Class of 2008 | A.B. Public Policy
Over 200 people have gathered in a room towards the back of the Little Black Pearl—an art and design center in Hyde Park—to celebrate the kick-off of Christian Mitchell’s campaign for 26th District State Representative, an event that doubles as a quasi-fundraiser.
A positive, upbeat vibe emanates throughout the spacious room. People are dispersed around the space, engaging in conversations that collectively resemble the vibrant chatter that fills a coffee shop on a busy day.
Mitchell (Public Policy, A.B. ’08), sporting a black-colored suit over his customary white-collared shirt and a blue Windsor knot tie, appears to be relaxed even though he is the center of attention. Two photographers designated to capture this cheerful occasion follow his every move as he makes his way around the room to welcome, express gratitude, engage in some small talk, and take pictures with the attendants. There are many people to acknowledge but little time to do so because Mitchell is scheduled to make a speech in less than an hour.
Motivation to Run
“It is cool to go to the fundraisers and give speeches and do all those things,” said Mitchell, 25, in his downtown office several days later. “But the most fun that I have is talking to folks at a church or talking to folks at a bus stop because it is a comfortable setting for them where they have the ability to be very, very honest about their concerns.”
While working as a community organizer for the Southsiders Organized for Unity and Liberation (S.O.U.L.), Mitchell heard many of the concerns voiced by the residents of the 26th district. The issues resonated with the 26th District State Representative candidate because he experienced similar problems while growing up in the western suburbs of Maywood and Westchester. During Mitchell’s young life, his family experienced financial difficulties due to a combination of mounting legal and health-care fees stemming from his aunt’s murder conviction (overturned four years later), his mother’s battle with breast cancer, and his grandparents’ ongoing health struggles.
“That collective experience, the suffering that [my family] experienced but also seeing that it was not the exception but in so many ways the rule for so many people—inspired me to want to work for a better 26th District, a better Illinois, a better nation, and a better world,” said Mitchell.
Irreverence is Beneficial
According to Mitchell, the primary issues that need to be resolved are the financial crisis, the lack of faith in government, and the lack of a political system that benefits the everyday person. Each problem plagues not only the 26th District, but also the county, the state, and the federal government. He acknowledges that solving the problems will be a “daunting task,” but he is confident that a solution to each issue can be found.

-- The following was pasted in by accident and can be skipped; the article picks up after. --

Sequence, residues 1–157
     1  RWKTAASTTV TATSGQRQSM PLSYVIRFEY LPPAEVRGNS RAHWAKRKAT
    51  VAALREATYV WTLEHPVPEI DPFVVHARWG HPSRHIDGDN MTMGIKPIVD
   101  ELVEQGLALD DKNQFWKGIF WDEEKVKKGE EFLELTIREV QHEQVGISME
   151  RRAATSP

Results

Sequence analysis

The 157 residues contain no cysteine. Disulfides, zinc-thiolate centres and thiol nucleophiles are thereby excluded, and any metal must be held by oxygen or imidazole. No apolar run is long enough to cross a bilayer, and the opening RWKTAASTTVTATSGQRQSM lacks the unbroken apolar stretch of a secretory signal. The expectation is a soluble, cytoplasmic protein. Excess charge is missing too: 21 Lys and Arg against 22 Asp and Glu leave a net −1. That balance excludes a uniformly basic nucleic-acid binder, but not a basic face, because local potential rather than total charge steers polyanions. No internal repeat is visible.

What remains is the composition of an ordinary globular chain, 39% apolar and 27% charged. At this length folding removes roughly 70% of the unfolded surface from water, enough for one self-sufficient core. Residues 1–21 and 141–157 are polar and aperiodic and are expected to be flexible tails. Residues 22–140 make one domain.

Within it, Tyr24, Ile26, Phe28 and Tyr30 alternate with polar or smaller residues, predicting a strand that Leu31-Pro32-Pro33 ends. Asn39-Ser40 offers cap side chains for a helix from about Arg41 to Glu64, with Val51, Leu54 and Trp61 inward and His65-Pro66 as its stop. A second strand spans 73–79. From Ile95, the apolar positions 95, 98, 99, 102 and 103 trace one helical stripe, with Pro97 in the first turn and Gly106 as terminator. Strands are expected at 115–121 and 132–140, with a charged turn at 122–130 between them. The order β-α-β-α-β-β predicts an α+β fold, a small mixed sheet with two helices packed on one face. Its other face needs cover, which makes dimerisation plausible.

“I still believe that the government is a place where we can come together to overcome big obstacles to solve big problems,” Mitchell said. “I really do believe that. That’s why I’m running.”
His confidence and assurance can be traced back to his time as an undergraduate. While attending the College, Mitchell learned that “no axiom, idea, or tenet” was “beyond questioning.” The impossible was regarded as possible. The unsolvable was considered solvable.
So, rather than succumb to the intimidating barriers, Mitchell remains steadfast in his belief that sincere, collaborative efforts by delegates will produce solutions. He is certain that the outside-the-box thinking will creatively influence his ideas and enhance his legislative prowess.
“I think that as we look at trying to find innovative solutions to common problems in state government, that approach has served me well and will continue to serve me well as state legislator,” said Mitchell, who helped draft the Urban Weatherization Initiative—“I’d say probably 95% of it, I wrote”—and the House Bill 3597—a bill that will “integrate the fare systems of the Metro, CTA, and Pace”—while working as community organizer for S.O.U.L.
He paused for a second, knocked twice on the desk, and then finished his thought. “If I am fortunate enough to be elected by the people.”
Officially, the Journey Begins
At the Little Black Pearl, the hour before his kick-off speech has elapsed. Flanked on his left by 4th Ward Alderman Will Burns and to his right by Cook County Board President Toni Preckwinkle, Mitchell stands at a podium stationed at the front of the room. After several political luminaries, including Burns and Preckwinkle, declare their support for him, Mitchell speaks about his background, why he aspires to become a state representative, and what he will strive to accomplish if elected.
As he ends his speech, a round of applause ensues, signifying the end of an event that marks the official beginning of Mitchell’s quest to become the 98th State Representative of the 26th District.
By Chika Okafor, Class of 2011, Staff Writer
Photo courtesy of John Keller
Posted on: Friday, March 2, 2012 - 4:45pm